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An immersion in the heart of our winemaking process


29
Nov
2018

Written by Yves Leccia, published in 


Wondering what happens in the cellar after the harvest? The journey of a bunch of Patrimonio grapes begins as soon as the sorting phase is over (rot, disease, leaves...). It is at this point that our ripe grapes undergo their slow transformation and Yves takes on his winemaker's hat.

White & Rosé Wines

PRESSING : White and rosé wines follow a different path than reds. They are pressed directly after harvest to avoid contact with the skins. The Patrimonio rosé is an exception to the rule as it undergoes a maceration intended for the reds for a very short period (12 hours). This is what is known as a "rosé de saignée" !

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DEBUILDING : the grapes are then cold settled (8°C) for 24 hours. The "bourbes" are heavy particles that settle at the bottom of the tank and are eliminated. The result is a clear wine.

ALCOHOLIC FERMENTATION : the clear wine is placed in a stainless steel tank, thermo-regulated at 18°C for approximately 15 to 20 days. The wine will ferment, i.e. the sugar will gradually be transformed into alcohol by the action of indigenous yeasts present in the wine. Unlike the reds, our whites and rosés do not undergo a second malolactic fermentation. This allows the wine to retain all its acidity. And what about Muscat in all this? Another exception! During the alcoholic fermentation, Muscat will undergo mutage unlike other dry whites. This name comes from the fact that the wine is made mute by adding a neutral 5% wine alcohol while the wine is still sparkling. By stopping the fermentation before it is complete, a certain amount of sugar is preserved in the wine, resulting in a sweet wine!

SUSTAINMENT : during fermentation, if necessary, a protein glue is added which will drag the suspended particles to the bottom. The wine can also be slightly sulphited to stabilise it. Then it is racked, i.e. it is transferred to another container to eliminate the lees (deposits at the bottom of the tank).

AGEING AND BOTTLING : our whites and rosés are aged for 6 months in stainless steel tanks before being filtered on plates to clarify and stabilise the wine one last time. If necessary, the different vats are blended to obtain a chosen aromatic profile. This is when the bottling begins!

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RED WINES

DESTEMMING / CRUSHING : The red wines follow a completely different process since, after sorting, the grapes are not immediately pressed. They are first destemmed, i.e. the plant part is removed to keep only the grapes. The wine will thus gain in fruitiness and roundness. Then they are crushed, the grapes are crushed to bring out the juice.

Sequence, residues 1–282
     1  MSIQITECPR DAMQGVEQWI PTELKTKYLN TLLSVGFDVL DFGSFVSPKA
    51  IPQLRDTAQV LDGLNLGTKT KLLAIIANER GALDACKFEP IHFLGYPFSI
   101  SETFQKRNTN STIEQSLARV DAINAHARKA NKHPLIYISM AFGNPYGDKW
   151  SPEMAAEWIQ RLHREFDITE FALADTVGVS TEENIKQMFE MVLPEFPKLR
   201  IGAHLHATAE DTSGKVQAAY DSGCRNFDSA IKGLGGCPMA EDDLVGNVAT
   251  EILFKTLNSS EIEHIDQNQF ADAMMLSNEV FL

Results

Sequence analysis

VATTING / MACERATION : the grapes are then put in vats so that the juice (must) and the solid parts (marc made up of pips and skins) can macerate. Vatting lasts 12 to 15 days at a controlled temperature of 25°C to 30°C. This temperature is deliberately higher than for the whites in order to obtain, in addition to the primary aromas contained in the juice, the secondary aromas contained in the tannins. The colour and tannins are gradually transferred to the juice. During maceration, a cap of marc naturally rises to the surface. A daily pumping-over is carried out which consists of taking the must from the bottom and pumping it back to the top. This serves to homogenise, oxygenate and, above all, extract the interesting molecules of the fruit, which are contained in the marc and are thus regularly mixed with the must. Under the action of indigenous yeasts present in the must, the grape juice is gradually transformed into wine, this is the alcoholic fermentation.

DEVATTING : After a fortnight, the wine is drained by gravity (free-run wine) into another vat. The marc remaining at the bottom of the vat is recovered in order to be pressed. This produces the press wine which is blended with the free-run wine.

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MALOLACTIC FERMENTATION : the juice obtained is placed in a thermo-regulated stainless steel tank for approximately 15 to 20 days. Micro-organisms (lactic bacteria) cause the malic acid to be transformed into milder lactic acid. Malolactic fermentation plays a natural deacidification role. In addition, this fermentation modifies the aromas of the red wine while stabilising it. As with the whites and rosés, the wine is then sulphited and racked.

AGEING : it is twice as long for the reds, which are aged for 12 months in stainless steel tanks, except for Era Ora, our first and only wine aged in oak barrels. Once the wine is bottled, the magic happens in a more or less long aging process... a wait that makes the tasting all the more moving!

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